Tag Archives: The Register

Hydrogen fuel cell tech to power the IoT

Earlier this week, The Register’s Bob Dormon attended Twickenham’s Future World Symposium.

Since many of the UK-based vendors displayed handheld devices and sensor nodes supporting the Internet of Things (IoT), keeping power consumption down, or at the very least making it practical, was understandably a clear priority for many of the exhibitors.

“[That is why] London-based outfit Arcola Energy strives to deliver the best of both worlds with its adaptations of hydrogen fuel cell tech,” Dormon writes.

Image Credit: Bob Dormon, The Register

“As an integrator, the company covers a broad scale of fuel cell applications from transportation to providing remote power sources. It also caters for developers with its kits, complete with an [Atmel-based] Arduino Uno board (ATmega328 MCU) starting at £350 ($591) … There’s mbed compatibility too.”

According to Dormin, the dev kits allow engineers to precisely determine what type of energy lifespan they can can expect from a design.

“Besides the boards and fuel cell shield electronic controller, you get a refillable 12 litre HydroStik hydride that feeds a shiny metal box complete with fan that is the actual fuel cell,” he explained. “The fuel cell determines the overall output of the system. With the Arduino One kit it’s 1.5W.”

Interested in learning more about Arcola Energy’s fuel cell kits? Developers can find Arcola’s software for the fuel cell inventor kit on Github here, while the full text of Bob Dormon’s “Inventors: Feast your eyes on fuel cell tech that’ll power up Internet of Thingies” can be read on The Register here.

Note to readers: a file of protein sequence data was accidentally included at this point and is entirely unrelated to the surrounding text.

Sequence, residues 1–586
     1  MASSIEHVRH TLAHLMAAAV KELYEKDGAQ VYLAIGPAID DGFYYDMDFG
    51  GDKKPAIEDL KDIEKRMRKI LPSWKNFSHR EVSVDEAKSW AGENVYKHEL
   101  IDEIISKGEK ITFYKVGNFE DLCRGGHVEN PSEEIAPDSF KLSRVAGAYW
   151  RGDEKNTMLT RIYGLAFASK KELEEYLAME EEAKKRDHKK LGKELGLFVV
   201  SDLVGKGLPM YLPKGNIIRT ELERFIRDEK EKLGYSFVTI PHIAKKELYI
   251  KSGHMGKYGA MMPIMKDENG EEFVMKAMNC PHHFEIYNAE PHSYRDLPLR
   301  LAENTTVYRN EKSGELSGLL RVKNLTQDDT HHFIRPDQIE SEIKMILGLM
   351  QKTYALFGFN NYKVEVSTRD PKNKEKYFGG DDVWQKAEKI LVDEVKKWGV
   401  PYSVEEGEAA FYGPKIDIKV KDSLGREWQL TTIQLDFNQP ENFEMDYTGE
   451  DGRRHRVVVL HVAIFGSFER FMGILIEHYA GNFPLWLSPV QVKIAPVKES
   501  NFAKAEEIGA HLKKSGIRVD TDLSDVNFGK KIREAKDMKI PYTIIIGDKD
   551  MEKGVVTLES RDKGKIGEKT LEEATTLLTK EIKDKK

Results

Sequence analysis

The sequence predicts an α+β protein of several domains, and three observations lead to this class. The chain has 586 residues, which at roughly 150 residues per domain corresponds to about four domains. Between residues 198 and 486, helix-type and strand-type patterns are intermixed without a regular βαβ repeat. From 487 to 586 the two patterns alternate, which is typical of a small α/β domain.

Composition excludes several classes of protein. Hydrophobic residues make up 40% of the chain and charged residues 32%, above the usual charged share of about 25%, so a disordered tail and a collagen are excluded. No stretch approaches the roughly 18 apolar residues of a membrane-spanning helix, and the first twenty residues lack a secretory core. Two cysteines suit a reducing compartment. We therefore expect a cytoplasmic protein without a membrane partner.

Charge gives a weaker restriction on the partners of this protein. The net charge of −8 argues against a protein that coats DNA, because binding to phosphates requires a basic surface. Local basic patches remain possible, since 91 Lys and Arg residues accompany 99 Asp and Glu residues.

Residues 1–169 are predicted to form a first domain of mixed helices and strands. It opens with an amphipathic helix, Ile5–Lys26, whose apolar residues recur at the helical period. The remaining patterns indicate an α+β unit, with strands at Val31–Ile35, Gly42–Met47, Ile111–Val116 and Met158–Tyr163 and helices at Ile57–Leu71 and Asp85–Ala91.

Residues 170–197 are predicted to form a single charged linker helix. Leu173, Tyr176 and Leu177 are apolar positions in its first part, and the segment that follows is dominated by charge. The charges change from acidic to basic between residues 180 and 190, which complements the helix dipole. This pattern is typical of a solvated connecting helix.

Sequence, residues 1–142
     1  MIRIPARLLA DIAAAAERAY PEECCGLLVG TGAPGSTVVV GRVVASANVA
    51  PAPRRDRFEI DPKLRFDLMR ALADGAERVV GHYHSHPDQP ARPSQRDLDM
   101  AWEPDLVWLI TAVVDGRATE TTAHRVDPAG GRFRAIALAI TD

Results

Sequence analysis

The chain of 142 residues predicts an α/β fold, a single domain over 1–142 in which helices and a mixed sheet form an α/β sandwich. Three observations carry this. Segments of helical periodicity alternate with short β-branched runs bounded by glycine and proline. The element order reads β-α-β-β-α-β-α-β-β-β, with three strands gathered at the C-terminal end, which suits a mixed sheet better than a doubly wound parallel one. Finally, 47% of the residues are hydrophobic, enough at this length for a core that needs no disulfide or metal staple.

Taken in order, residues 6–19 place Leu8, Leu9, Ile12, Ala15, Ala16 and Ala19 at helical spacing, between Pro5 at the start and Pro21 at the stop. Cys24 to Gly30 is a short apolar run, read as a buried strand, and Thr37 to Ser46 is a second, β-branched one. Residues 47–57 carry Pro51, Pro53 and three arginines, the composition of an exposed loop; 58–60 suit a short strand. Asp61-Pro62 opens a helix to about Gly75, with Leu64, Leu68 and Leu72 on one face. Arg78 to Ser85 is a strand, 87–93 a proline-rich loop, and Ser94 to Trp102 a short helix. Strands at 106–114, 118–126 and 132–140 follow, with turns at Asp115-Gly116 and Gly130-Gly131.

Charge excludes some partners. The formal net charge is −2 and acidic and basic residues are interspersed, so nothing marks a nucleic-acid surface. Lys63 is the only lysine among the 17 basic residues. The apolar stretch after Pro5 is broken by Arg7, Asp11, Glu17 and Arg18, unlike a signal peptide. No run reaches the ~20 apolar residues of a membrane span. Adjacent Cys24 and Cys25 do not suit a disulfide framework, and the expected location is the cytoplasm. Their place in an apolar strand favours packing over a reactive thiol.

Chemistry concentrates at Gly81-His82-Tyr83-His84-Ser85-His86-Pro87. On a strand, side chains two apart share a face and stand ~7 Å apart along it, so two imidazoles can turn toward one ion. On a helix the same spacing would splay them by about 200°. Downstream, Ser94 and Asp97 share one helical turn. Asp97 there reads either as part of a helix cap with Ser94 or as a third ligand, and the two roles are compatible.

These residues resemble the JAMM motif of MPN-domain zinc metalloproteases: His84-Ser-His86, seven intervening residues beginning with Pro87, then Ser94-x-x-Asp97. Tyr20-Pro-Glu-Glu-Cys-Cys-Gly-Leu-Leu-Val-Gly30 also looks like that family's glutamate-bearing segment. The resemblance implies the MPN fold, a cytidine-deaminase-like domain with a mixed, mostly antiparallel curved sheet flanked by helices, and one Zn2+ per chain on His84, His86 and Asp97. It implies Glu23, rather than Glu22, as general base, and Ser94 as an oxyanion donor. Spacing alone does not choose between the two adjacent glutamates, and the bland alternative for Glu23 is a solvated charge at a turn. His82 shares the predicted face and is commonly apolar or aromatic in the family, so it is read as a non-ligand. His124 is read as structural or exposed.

PAVA 9 is a sleek ATmega328P-based tracker

Anthony Stirk – a member of The Register’s Low Orbit Helium Assisted Navigator (LOHAN) project – has designed a sleek miniature tracker powered by Atmel’s ATmega328P microcontroller (MCU).

Dubbed Pava 9, the platform was inspired by Stirk’s goal to create the lightest tracker possible, with a run time suitable for long-distance High Altitude Ballooning (HAB) flights.

“The heart of the tracker is [Atmel’s] ATmega328P microcontroller as favored by the Arduino Uno, however in this guise it’s underclocked running at 2MHz to help with power consumption,” Stirk told Lester Haines of The Register.

“A snap-off programming header reduces the overall weight to 2.5g. Connected to the board is a u-blox MAX7C GPS module. The whole thing runs at 1.8V and can be powered either by a separate step-up or a LiPo+solar charger board… Power savings over the previous board are quite significant, giving 40 per cent more run time.”

According to Stirk, the original Pava utilized an off-the-shelf RFM22B radio transmitter, which experienced a number of issues with frequency drift due to temperature. Plus, it lacked support for modes such as DominoEX and THOR.

“[So] I decided to make a custom radio for this tracker based around SI’s 4060 transmitter chip. Making it myself meant I could choose all the components and ensure they work at the lower temperatures,” he explained.

“A TCXO (temperature-compensated crystal oscillator) ensures a stable frequency. The choice of frequency, although out of spec for the radio module, opens up the board to doing MFSK DominoEX and THOR modes.”

Before launching stratowards aboard the Vulture 2, the PAVA 9 is scheduled to relay telemetry during LOHAN’s “Punch” and “Judy” upcoming test flights.

Interested in learning more? You can check out The Register’s full write up here, the LOHAN project page here and Anthony Stirk’s PAVA project page here.